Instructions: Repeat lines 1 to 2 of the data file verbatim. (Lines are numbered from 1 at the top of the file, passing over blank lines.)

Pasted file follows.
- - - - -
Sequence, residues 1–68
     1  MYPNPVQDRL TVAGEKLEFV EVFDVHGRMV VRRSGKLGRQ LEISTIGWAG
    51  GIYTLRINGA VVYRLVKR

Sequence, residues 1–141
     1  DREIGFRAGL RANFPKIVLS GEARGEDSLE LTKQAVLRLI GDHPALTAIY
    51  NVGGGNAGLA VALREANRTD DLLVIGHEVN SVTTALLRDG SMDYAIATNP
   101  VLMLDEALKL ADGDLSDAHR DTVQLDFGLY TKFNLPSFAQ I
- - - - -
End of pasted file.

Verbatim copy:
Sequence, residues 1–68
     1  MYPNPVQDRL TVAGEKLEFV EVFDVHGRMV VRRSGKLGRQ LEISTIGWAG